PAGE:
This was a thoroughly enjoyable experience, and also is the direction I hope to go in my own teaching. I was apologizing for the fact that I can't show up too often, as it costs me $30 now to go to Seattle and return home, but I'm already scheming on a way that I might be able to stay in town on Thursday night after my teacher training class so that I can attend Tim's Friday morning session.


Saturday, June 06, 2009

Down Dog

I went back to my old practice today, the one I've been doing since the beginning of April. There's something in it, or maybe several things, that help my shoulder to heal and shake the inflammation, even better than what the therapist gave me to do. I just don't know exactly what it is that's helping -- warrior pose, down dog, the shoulder stand, the lateral twist triangle pose (that one especially) -- maybe all of them are aiding in healing the injury and inflammation. So I'll stick with the old asana routine for now, combining it with the new breathing/meditation exercises.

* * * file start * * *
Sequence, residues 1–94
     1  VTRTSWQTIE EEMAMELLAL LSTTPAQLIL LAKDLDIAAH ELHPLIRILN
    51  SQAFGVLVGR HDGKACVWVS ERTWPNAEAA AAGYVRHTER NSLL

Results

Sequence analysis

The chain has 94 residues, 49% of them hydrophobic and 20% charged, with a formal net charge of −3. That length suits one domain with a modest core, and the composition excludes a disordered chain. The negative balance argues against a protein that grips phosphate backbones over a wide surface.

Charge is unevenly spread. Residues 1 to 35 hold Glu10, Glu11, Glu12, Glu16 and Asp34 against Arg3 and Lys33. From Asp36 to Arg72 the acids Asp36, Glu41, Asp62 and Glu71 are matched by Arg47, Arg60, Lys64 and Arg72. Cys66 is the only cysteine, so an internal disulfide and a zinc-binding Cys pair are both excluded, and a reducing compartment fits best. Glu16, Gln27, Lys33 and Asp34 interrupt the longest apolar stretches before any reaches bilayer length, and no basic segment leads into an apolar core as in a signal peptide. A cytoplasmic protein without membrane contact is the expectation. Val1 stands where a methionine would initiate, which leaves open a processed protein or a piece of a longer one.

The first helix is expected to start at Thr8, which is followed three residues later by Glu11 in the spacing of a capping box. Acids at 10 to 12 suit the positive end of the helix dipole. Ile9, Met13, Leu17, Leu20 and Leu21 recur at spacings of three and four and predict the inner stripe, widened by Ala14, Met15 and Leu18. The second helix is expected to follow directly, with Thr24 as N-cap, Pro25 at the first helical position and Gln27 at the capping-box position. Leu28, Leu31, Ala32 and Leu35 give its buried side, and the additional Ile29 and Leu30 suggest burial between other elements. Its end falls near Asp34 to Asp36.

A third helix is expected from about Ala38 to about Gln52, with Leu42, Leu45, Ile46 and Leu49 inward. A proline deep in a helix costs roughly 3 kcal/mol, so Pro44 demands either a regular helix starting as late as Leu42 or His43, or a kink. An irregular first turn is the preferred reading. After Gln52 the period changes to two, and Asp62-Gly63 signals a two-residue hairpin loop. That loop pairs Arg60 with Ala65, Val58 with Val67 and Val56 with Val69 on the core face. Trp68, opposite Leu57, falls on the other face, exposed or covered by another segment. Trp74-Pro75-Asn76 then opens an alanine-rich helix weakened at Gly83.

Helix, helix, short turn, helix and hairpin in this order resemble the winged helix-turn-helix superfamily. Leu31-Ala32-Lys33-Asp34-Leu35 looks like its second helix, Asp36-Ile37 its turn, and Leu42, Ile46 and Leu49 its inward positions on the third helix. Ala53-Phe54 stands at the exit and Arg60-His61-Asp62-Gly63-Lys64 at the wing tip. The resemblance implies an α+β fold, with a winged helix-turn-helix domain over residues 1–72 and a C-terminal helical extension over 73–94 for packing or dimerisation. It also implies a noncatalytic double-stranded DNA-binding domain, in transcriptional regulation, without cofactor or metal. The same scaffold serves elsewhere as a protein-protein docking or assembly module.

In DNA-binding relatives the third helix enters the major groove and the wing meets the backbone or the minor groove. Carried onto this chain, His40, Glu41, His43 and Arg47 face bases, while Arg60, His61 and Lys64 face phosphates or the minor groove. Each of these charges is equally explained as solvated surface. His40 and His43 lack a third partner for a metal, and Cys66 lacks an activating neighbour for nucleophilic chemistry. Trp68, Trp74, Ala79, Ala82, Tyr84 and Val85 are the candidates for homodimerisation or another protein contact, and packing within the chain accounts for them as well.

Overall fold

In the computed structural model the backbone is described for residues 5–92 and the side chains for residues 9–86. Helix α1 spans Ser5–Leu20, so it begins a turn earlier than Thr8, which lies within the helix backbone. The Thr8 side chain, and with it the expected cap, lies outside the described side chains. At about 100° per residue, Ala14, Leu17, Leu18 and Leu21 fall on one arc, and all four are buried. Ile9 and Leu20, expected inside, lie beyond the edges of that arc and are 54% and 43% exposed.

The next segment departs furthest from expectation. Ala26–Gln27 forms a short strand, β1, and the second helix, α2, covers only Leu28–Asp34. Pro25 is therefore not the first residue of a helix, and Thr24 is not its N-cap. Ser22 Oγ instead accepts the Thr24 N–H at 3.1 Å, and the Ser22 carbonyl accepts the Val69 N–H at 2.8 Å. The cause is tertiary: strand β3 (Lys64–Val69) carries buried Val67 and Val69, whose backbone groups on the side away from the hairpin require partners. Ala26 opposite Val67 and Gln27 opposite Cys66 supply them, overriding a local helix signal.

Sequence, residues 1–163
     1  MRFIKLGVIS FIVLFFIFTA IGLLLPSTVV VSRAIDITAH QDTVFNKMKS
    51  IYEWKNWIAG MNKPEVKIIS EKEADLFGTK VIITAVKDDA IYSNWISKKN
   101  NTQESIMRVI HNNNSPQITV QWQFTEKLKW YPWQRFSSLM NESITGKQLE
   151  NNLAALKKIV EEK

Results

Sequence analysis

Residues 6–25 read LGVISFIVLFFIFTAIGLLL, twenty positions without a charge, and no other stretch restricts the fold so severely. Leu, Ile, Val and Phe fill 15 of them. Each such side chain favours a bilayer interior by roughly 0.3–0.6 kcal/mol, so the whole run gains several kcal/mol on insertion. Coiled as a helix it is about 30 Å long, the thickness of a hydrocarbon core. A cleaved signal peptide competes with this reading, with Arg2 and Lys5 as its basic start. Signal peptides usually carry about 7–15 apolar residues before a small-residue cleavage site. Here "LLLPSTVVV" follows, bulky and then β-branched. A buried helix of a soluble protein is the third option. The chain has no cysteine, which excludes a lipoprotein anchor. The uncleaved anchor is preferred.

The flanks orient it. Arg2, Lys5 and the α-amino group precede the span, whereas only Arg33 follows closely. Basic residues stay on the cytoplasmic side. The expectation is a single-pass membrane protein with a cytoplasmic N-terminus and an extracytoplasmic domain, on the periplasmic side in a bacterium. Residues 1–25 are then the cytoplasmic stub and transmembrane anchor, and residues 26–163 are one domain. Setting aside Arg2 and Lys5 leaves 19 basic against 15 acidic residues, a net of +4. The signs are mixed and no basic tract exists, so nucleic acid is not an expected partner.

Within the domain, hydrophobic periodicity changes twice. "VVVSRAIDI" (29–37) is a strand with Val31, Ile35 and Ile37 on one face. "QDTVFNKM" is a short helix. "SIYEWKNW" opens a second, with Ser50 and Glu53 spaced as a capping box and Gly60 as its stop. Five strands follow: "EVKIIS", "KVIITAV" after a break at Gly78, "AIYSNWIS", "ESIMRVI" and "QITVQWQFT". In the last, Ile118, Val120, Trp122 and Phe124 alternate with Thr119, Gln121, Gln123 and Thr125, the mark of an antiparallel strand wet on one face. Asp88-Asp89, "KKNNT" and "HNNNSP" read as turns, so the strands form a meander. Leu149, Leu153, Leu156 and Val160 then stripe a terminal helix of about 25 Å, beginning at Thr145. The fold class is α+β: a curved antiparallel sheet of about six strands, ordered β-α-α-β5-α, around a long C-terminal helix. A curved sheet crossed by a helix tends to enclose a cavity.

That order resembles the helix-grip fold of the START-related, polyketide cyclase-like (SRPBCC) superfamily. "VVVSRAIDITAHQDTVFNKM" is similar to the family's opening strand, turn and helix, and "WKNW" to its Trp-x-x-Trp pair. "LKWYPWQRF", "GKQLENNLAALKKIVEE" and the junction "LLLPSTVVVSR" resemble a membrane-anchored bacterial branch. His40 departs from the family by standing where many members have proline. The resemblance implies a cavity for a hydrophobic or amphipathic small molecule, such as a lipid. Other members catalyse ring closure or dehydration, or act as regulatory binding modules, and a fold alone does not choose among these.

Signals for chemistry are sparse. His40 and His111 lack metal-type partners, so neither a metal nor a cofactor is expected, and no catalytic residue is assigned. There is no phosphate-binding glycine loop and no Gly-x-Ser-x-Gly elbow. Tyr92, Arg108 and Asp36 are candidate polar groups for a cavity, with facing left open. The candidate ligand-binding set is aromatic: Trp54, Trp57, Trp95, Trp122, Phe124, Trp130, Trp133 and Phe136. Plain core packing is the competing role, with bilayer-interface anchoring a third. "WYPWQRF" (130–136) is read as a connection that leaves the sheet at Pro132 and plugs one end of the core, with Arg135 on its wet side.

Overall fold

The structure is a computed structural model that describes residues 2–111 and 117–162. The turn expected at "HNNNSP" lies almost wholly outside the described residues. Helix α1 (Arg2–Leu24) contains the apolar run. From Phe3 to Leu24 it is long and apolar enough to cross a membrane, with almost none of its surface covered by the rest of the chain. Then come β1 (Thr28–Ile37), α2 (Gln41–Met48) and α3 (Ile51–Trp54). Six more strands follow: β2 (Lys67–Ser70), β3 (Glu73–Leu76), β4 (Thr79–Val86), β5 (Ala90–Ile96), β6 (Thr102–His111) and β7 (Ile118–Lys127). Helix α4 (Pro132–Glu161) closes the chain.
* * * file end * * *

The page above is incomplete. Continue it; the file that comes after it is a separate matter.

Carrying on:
As it turns out, my current assignment in the Anatomy Coloring Book is a close examination of that particular joint. Concentrating on the appropriate pictures, I tried figuring out exactly what part is injured, and I'm thinking it's the sub-deltoid bursa, that part of the cushion lying immediately under the deltoid muscle.

I keep having my most vivid dreams in the hour or so before I wake up. This morning I was watching myself as I used to be, when I was in my twenties and early thirties. It was a very clear picture, showed all the old habits and even modes of thinking, and wasn't pleasant viewing. Following that, I got a very brief image of a hanging body so frightening I don't like recalling it. I think it was a revelation of my worst fear.


Friday, June 05, 2009

Taking a Break

That shoulder injury I got way back in December when I fell in the snow is still bothering me from time to time. It flared up last night, to where I had to get the ice pack and put cold on it for 20 minutes, then a heating pad for 20 minutes (all while sleeping, of course).

There must be something in the new practice aggravating it. So today I'm taking a break from practicing, and just doing three sets of physical therapy/rehab exercises.

I'll resume practice tomorrow, but with the old routine.


Thursday, June 04, 2009